Last week, many of the NDC supporters who said their party was more united than the Holy Trinity are suddenly realising cracks and divisions that had been there for a long time. They are blaming the leadership of the party for not addressing them. The “blamestorming” has started, especially on social media.
A certain Jerry John Rawlings, we were told, had outlived his usefulness and had lost his impact. Today, they say you cannot sideline the founder of a party and succeed.
Those who defended everything their party did and said there was no reason to vote them out are suddenly saying they saw their defeat coming. All of a sudden they are realising that their “flawless” party and government had flaws, which they failed to address. They seem to know why they lost, but the NPP do not seem to remember why they won.
The NPP told us to vote for them because there was massive corruption, unemployment, mismanagement and a plethora of problems confronting us. They told us to give them the chance to change or fortunes. Now that they have won, they say they won because of their vigilance and their collation centre. They trumpet this as if Ghanaians had not voted massively for them, their vigilance would have made any difference.
They say many people in the Volta Region did not vote because John Peter Amewu and others stopped rigging and prevented foreigners from coming in to vote. But there is no evidence that any single person was stopped from crossing to vote. The people of the region simply did come out in their numbers to vote.
Apart from Ketu-South, there is no constituency in the Volta Region with a major border town that could be an entry point for any significant number of foreigners from Togo. The fact is that a number of people from the Volta Region were not happy with the performance of the NDC government. They could not afford to vote for the NPP because of certain utterances and attitudes by some members of the NPP that seemed to alienate them. But they also would not vote for the NDC.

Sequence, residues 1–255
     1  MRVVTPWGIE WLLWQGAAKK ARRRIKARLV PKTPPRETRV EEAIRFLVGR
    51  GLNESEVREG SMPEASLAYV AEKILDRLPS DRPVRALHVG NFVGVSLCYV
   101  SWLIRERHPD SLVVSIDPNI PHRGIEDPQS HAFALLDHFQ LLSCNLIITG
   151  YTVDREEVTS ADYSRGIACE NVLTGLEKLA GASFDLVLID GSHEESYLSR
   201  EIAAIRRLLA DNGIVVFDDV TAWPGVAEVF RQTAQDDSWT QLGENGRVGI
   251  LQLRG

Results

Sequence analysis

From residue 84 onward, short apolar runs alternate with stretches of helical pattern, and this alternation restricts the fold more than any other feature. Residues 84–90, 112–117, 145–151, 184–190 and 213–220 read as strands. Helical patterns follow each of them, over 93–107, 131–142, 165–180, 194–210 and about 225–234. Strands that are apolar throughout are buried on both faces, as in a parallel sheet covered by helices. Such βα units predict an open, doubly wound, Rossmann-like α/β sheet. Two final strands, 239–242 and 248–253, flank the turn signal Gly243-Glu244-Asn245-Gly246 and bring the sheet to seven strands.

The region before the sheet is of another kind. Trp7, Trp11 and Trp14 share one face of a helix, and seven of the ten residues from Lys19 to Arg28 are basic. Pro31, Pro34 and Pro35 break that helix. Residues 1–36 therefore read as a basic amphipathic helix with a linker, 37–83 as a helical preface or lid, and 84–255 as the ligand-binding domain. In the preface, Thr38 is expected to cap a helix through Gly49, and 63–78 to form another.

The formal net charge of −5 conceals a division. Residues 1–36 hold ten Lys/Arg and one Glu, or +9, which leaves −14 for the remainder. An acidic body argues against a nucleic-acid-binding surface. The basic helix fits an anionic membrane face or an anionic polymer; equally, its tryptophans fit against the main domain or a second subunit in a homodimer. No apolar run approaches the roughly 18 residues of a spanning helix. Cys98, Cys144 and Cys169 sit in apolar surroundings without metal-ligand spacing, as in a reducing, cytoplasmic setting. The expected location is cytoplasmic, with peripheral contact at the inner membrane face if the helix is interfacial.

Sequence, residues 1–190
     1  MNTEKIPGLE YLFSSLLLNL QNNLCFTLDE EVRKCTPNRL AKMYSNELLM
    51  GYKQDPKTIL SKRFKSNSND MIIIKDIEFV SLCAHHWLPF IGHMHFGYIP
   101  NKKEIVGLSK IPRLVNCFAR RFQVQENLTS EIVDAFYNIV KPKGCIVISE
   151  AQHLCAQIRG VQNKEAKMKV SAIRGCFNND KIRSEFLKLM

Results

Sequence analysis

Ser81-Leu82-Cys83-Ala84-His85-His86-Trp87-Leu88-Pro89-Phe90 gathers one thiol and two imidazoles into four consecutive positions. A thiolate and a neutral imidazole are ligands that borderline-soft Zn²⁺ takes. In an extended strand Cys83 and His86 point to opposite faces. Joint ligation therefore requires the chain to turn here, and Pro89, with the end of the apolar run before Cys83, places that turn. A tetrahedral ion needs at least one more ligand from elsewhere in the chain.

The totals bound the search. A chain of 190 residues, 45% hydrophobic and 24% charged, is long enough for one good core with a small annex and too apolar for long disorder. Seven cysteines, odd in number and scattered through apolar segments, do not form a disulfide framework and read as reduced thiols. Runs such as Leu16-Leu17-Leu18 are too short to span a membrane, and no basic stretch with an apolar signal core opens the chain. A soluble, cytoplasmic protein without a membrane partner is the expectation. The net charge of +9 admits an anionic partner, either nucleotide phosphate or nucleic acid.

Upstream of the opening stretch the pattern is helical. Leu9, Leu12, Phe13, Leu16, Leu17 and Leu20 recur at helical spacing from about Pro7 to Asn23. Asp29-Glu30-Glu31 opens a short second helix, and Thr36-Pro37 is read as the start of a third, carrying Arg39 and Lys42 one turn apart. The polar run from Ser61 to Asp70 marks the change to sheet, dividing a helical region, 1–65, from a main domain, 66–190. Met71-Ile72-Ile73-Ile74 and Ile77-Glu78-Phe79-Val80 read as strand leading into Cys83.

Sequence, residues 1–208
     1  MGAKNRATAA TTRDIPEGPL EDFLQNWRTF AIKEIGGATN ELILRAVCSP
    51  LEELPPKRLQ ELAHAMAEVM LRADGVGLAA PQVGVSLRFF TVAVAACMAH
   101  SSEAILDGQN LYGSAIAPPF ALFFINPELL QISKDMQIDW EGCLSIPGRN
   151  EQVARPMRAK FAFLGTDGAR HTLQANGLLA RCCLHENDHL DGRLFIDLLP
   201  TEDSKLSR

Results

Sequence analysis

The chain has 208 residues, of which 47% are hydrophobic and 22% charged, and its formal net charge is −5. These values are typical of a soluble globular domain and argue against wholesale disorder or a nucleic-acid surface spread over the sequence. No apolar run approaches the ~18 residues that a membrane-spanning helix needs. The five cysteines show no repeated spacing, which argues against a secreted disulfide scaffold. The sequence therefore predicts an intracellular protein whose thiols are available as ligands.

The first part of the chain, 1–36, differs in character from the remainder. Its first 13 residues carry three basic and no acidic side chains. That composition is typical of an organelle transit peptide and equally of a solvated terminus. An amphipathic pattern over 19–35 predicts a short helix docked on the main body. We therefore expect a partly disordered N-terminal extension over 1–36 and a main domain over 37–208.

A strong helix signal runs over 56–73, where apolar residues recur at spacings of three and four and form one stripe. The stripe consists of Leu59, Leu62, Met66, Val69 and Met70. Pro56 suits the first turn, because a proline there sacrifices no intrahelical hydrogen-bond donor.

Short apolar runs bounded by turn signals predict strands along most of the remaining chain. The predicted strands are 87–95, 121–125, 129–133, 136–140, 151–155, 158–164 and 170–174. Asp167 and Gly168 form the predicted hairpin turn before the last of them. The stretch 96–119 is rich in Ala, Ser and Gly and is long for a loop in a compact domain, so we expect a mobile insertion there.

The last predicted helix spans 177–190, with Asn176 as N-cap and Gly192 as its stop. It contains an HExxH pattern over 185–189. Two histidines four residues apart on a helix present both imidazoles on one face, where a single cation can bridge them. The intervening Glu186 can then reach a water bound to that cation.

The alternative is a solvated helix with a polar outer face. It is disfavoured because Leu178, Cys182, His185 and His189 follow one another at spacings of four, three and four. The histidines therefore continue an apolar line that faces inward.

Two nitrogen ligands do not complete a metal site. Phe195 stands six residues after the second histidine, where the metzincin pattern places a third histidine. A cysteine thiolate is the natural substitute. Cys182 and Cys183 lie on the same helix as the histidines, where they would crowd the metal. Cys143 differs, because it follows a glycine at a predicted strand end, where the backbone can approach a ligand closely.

In the Krachi West constituency, for instance, the gap between the NDC’s John Mahama and the NPP’s Nana Akufo-Addo was blurred. President Mahama won 10,516 votes while Nana Akufo-Addo won 8,773. This is the hometown of the Volta Regional Minister, who also contested the seat. When I was growing up in Kete-Krachi, people were ashamed to associate with the NPP. In the Krachi East Constituency, the NPP snatched a seat from the NDC. These constituencies are not border towns.
In the coming days, we will expect the NDC to be rational. They will get real and realise that there are problems confronting Ghanaians that need to be solved. This is because politicians are often at their best when they are in opposition. But the NPP is likely to forget about what they preached yesterday.
My elder brother often says that the alcoholic content in power is 80%. That’s why we say politicians never learn. They learn but when strong wine enters the head, years of learning and decades of experience and wisdom evaporate.
It may be too early, but let’s remind the NPP why they are longer called an opposition party. Let’s pray and hope that the NPP will remain sober and remember why Ghanaians chose them: a party without money to buy votes, a party without projects to flash around, a party without limitless cash to buy out media space and a party without the control of state agencies. May the alcoholic content of power not cause them to forget why Ghanaians settled for one of the most vilified politicians in our recent history. May they not forget that we no longer have too a short memory to recall what we will be subjected to before December 7, 2020. At least, there is a certain Samira Bawumia who will be kind enough to remind us what to remember when we get hold of the ballot paper.
And we will not forget!
The writer, Manasseh Azure Awuni, is a senior broadcast journalist with Joy 99.7 FM. His email address is email@example.com. The views expressed in this article are his personal opinions and do not reflect, in any form or shape, those of The Multimedia Group, where he works.